panjandrum

    Lapsed Moderator
    English-Ireland (top end)
    Hello to all

    I've just signed up to WordReference and come to this thread rather late. Anyway, I disagree with those who think nevralgic is a typo. Like Obwie I've been reading A Secular Age by Charles Taylor and I noticed that he uses the word again on page 329:

    "What makes for the heat at this nevralgic point is that there is a strong sense of deficit in a world where people used to feel a presence . . .".

    Taylor seems to be using the term to mean something like an area of particularly sensitivity. It is certainly in keeping with Taylor's general writing style that he would use a somewhat obscure term.
    Hello and welcome :)
    I have some problems with your suggestion.
    First, neuralgic is used with precisely this meaning - see neuralgic - figurative sense? so that it is not necessary to invent a new word or import a foreign word.
    Second, nevralgic is a non-English word (Romanian for example) meaning neuralgic.
    Third, I checked the OED, Merriam-Webster, dictionary.com, and several other dictionaries. None of them includes nevralgic.
     

    DocPenfro

    Senior Member
    English - British
    Second, nevralgic is a non-English word

    I just had a look in the Oxford Hachette, which translates "point névralgique" into English as "key point". Clearly this usage is alien to English, since a word-for-word translation would give you "neuralgic point", which sounds completely inappropriate, so I suggest that some writers have been employing "nevralgic" as an ill-advised neologism in English in the hope that they can maintain the inference of "key" (i.e. critically important) instead of sounding like a treatise on acupuncture.
     
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    panjandrum

    Lapsed Moderator
    English-Ireland (top end)
    I just had a look in the Oxford Hachette, which translates "point névralgique" into English as "key point". Clearly this usage is alien to English, and a word-for-word translation would give you "neuralgic point", which sounds completely inappropriate, so I suggest that some writers have been employing "nevralgic" as a neologism in English in the hope that they can maintain the inference of "key" (i.e. critically important) instead of sounding like a treatise on acupuncture.
    Perhaps, except that neuralgic and neuralgic point have been used since at least 1977. The OED definition:
    2. In extended use: painful, distressing; (esp. in Polit.) particularly sensitive or crucial; capable of causing a sudden, extreme, or far-reaching reaction; (also) characterized by such a reaction.

    I found nine results for nevralgic in Google News - all Romanian.
    There are many general Google results - mostly Romanian/English dictionaries.
    There are quite a number related to a recording artist - and of course an Urban Dictionary entry.

    Having looked around, I remain convinced that the examples in "A Secular Age" are errors.
     
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    Lyndon

    Banned
    N/A
    The Italian/English dictionary lists various medical terms starting with 'nevr...' and translates them to very similar English words starting with 'neur...' --
    nevralgia -- neuralgia
    nevralgico -- neuralgic
    nevrosi -- neurosus
    nevrotico -- neurotic

    The OP gives us an Italian context
    ...., near Amalfi, Ravello and Positano, and very close to important nevralgic points that represent the ideal position to start pleasant excursions to Naples. (an ad for a villa rental in Amalfi, Italy)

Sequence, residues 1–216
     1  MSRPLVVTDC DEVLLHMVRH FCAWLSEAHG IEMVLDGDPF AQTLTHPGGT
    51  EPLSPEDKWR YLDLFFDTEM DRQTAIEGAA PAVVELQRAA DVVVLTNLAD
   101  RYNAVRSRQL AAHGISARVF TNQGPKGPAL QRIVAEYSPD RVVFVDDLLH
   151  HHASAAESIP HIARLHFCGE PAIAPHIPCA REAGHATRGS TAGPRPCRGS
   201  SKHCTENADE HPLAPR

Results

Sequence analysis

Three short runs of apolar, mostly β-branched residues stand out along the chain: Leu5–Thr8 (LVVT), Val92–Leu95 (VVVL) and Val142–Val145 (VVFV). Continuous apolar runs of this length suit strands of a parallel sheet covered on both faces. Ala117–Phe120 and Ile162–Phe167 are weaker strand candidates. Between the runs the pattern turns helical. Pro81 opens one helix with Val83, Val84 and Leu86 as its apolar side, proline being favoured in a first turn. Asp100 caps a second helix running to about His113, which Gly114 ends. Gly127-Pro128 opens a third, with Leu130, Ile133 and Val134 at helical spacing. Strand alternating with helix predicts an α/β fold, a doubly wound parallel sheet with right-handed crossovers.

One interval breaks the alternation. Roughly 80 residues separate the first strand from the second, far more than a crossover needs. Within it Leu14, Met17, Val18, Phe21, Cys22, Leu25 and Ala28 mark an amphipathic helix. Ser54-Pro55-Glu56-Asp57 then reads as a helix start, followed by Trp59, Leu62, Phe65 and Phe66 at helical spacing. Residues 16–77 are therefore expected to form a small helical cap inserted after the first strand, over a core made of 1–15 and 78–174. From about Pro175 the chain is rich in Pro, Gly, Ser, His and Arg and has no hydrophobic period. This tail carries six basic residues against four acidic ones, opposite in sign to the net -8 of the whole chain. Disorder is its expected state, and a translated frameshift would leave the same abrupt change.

so it really looks Italian spelling of English words.
     

    morzh

    Banned
    USA
    Russian
    Same with Russian:

    Nevralgia (transliterated) neuralgia.

    And the rule is the same for all "-eu-" Greek roots.

    - Eucaliptis - Evkalip
    - Eukariot - Evkariot
    - Nerology - nevrologiya
    - Eutanasia - Evtanasia
    - Pleuritis - Plevrit

    Etc.
     

    PaulQ

    Senior Member
    UK
    English - England
    It could remain that the Romanians are the fount of neologisms... ;) OED, in which all the examples are of the past participle,
    navel. 1. trans. (in pass.). literary and poet. To be situated in the middle of a landscape, esp. in a hollow or depression; to be nestled.

    a1974 C. Day Lewis Madrigal for Lowell House in Compl. Poems (1992) 635 The crimson berry tree navelled upon this court Twinkles a coded message.

    Given the original example, I think that this is indeed a neologism, an adjective from a verb from a noun.
     

    panjandrum

    Lapsed Moderator
    English-Ireland (top end)
    It could remain that the Romanians are the fount of neologisms... ;) OED, in which all the examples are of the past participle,

    Given the original example, I think that this is indeed a neologism, an adjective from a verb from a noun.
    Sorry, but I don't understand how this relates to the topic term - nevralgic.
     

    PaulQ

    Senior Member
    UK
    English - England
    nevralgic (as you say, a neologism) = of the navel - nothing to do with neuralgia

    the nevralgic center of this mysterious submission (referring to a photo of a woman's pierced belly button).

    We are settled on one of the most enchanting ...., near Amalfi, Ravello and Positano, and very close to important nevralgic points that represent the ideal position to start pleasant excursions to Naples. (an ad for a villa rental in Amalfi, Italy)
     

    GJ Dr

    New Member
    English-Polish
    NEWRALGICZNY (nevralgic) is often used in texts in Polish language - albeit the word is not native to Polish.
    Example: nevralgic point of military resistance 9from which much depends).
    Nevralgic sector of industrial production (like neodymium magnets, nowadays).
    Nevralgic point of a body - like the heart.



    In short: it is indeed "a key point". And I used this word today, in an email to an institution:
    """Attached is the letter stating the health level of the electrical joints and nevralgic components of the CAP
    underbelly.
    Medically speaking - CAP is in good shape."""

    GJ Dr